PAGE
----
Content and objectives of class

This course is an introduction to machine learning (ML), a field of research in artificial intelligence. The purpose of ML algorithms is to enable the machine to learn from examples. The focus of the course is classification and regression: we observe a set of pairs (observation, target) where the target is eg. a class and we try to predict the target corresponding to a new observation. The classic applications of these algorithms are in the field of pattern recognition (characters, image, speech, etc.). In recent years, several new fields of application have emerged: data mining, statistical analysis of textual data, quantitative management of financial portfolios, analysis of genetic expressions, etc. The subject of the course can be exploited in many fields of computer science.

The course will cover the following subjects: general notions (basic terminology, generalization, curse of dimensionality, capacity, classifier comparison), supervised algorithms (k-nearest neighbors, linear classifiers, neural networks, support vector machines, decision trees and regression, ensemble methods), unsupervised algorithms (principal component analysis, k-means method), overview of probabilistic graphical models.

Notions covered (indicative titles):


This is a sample of the first three labs from last year to get you started until you get access to this year’s material.


Please be advised that some details of this evaluation scheme might be adjusted slightly by the beginning of the semester.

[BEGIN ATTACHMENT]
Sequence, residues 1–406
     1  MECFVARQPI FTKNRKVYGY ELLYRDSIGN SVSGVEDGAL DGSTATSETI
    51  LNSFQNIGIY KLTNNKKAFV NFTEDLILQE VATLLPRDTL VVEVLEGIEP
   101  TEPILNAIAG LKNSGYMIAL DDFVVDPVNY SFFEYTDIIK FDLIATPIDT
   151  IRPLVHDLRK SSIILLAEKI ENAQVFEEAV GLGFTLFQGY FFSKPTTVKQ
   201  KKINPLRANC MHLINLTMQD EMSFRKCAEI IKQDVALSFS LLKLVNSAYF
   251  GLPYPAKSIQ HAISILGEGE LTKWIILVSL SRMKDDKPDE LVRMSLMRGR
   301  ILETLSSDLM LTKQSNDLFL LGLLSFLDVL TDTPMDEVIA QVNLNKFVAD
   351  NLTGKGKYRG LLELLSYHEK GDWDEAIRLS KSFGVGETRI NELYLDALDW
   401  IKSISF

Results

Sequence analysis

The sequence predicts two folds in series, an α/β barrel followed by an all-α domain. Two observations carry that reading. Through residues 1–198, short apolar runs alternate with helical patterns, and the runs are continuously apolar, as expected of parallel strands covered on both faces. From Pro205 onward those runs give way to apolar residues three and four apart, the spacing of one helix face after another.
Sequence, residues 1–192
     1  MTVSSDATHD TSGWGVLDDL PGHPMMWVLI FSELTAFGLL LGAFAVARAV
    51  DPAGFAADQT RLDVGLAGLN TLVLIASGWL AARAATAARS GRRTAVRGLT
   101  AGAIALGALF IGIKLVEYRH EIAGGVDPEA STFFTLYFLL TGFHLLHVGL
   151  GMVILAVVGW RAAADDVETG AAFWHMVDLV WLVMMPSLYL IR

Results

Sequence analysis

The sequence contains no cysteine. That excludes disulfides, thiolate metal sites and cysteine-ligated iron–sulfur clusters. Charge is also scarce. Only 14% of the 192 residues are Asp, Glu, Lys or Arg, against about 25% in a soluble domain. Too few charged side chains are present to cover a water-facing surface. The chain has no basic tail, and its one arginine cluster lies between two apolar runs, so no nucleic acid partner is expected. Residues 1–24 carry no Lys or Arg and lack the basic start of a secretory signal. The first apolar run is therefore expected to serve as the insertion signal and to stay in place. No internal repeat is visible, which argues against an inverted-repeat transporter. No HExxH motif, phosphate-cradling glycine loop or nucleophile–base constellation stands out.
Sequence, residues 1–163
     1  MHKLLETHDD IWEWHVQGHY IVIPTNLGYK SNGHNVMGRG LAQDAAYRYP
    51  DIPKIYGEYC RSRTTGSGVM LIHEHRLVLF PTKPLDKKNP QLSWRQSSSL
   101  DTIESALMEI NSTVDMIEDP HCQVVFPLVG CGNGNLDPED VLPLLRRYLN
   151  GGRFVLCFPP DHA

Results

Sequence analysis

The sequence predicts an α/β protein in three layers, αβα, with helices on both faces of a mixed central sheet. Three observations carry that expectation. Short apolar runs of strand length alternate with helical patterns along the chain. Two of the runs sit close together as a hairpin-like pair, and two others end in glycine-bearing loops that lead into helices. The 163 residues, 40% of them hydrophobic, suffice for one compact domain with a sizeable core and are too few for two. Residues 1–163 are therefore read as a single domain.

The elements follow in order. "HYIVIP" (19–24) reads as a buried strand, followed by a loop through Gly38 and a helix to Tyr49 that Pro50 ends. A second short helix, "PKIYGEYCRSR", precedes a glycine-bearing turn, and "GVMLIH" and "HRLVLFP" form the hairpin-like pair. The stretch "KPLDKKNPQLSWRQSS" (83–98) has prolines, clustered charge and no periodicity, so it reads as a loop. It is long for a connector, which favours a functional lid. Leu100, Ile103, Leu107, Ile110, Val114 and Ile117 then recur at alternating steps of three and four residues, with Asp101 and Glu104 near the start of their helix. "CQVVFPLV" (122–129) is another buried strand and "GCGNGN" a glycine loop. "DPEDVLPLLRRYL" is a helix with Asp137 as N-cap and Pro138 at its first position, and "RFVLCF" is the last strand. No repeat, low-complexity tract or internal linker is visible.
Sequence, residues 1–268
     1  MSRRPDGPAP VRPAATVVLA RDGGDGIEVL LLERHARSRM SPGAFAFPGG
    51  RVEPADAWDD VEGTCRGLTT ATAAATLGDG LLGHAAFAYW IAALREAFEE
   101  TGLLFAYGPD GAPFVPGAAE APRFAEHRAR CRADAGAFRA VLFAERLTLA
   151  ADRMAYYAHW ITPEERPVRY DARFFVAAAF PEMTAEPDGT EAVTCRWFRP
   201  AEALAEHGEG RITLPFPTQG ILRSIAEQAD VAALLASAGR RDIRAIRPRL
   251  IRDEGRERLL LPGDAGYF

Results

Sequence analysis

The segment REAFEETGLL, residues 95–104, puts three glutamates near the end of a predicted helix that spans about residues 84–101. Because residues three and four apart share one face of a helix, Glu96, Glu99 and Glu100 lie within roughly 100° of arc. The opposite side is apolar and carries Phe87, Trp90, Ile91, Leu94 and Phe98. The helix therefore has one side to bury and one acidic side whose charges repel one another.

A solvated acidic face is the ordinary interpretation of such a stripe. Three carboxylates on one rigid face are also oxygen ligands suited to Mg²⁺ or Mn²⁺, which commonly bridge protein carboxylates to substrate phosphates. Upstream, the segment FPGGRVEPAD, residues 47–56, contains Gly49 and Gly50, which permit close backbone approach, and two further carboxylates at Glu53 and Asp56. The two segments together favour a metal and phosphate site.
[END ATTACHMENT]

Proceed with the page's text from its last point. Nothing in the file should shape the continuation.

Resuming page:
Weekly quizzes (10%): We will have a weekly online quiz at the beginning of class every Wednesday of the semester. It will consist of short questions about last week’s lecture and it will be administered on Gradescope. To accommodate students from different timezones, the quiz will be open a few hours before the class start time. Once you start the quiz, you will have 15 minutes to finish it. We will have at least 12 quizes during the semester; your best 6 quiz scores will be used to compute your semester quiz score (10% of your final grade).

Homework (30%): 3 sets of homework (10% each) including some theoretical exercises, programming and experimentation. Most sets of homework will be submitted individually (each student working on their own) and some in teams of two.

Data competitions (30%): Two Kaggle competitions. The first one will span the first half of the class and count towards 10% of your grade and the second one will span the second half of the class and count towards 20% of your grade.

Lab midterm exam (10%): This timed exam will take place at a specific time and will test your knowledge of the lab material. You will be asked to program specific functions in Python and submit to Gradescope of autograging. For some more information and an example of last year’s lab midterm, please check the prerequisites page. We will have this exam in early October (exact date TBA).

Final exam (20%): Exam on the whole class material at the end of the semester. Exact date and format to be announced.

*For most of these evaluations you be able to submit your work and see your grades on Gradescope. See ‘Communication’ section for some info on access. *

Academic fraud and plagiarism

ATTENTION: The University of Montreal now has a strict policy in case of fraud or plagiarism. If an infraction is found, the professor is required to report to the director of the department. An administrative procedure is then automatically triggered with the following consequences: the offense is noted in your file, and a sanction is decided (which can be serious and go to dismissal in case of recidivism). It is important that you do the work yourself!